From Ars Technica
By Timothy B. Lee
A bipartisan pair of senators has introduced legislation to limit the use of noncompete agreements across the US economy. Noncompete agreements ban workers from performing similar work at competing firms for a limited period — often one or two years. These agreements have become widely used in recent decades.
“Noncompete agreements stifle wage growth, career advancement, innovation, and business creation,” argued Sen. Todd Young (R-Ind.) in a Thursday press release. He said that the legislation, co-sponsored with Sen. Chris Murphy (D-Conn.), would “empower our workers and entrepreneurs so they can freely apply their talents where their skills are in greatest demand.”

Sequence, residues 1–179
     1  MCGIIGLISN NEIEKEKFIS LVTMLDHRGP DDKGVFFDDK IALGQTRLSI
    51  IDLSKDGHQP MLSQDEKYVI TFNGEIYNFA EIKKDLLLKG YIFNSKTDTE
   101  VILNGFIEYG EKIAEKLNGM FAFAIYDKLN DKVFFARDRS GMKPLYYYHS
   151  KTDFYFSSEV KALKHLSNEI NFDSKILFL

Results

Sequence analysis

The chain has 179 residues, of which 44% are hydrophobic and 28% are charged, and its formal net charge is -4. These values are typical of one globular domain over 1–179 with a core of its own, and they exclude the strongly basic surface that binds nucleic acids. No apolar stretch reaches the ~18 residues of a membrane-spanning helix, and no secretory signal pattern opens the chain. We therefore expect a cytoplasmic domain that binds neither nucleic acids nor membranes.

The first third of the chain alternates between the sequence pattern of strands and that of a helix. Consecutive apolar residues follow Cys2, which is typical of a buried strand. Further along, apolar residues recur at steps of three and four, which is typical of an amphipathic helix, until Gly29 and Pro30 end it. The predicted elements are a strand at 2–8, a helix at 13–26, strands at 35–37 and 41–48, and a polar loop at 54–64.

But supporters of broader reforms have a powerful counterexample: California. For decades, the Golden State has had the nation's strictest laws against noncompetes, effectively banning the practice. Despite that — or maybe because of it — the state has become a powerful center for high-tech innovation.
In an influential 1994 book, political scientist AnnaLee Saxenian argued that a key factor in Silicon Valley's economic success over the previous decades was the fact that employees could hop from job to job, taking their valuable skills with them. That freewheeling culture helped good ideas developed at one company to quickly spread elsewhere, ultimately benefitting the entire regional economy.
AnnaLee (Anno) Saxenian is a professor in the School of Information at the University of California, Berkeley. Her scholarship focuses on regional economies and the conditions under which people, ideas, and geographies combine and connect into hubs of economic activity.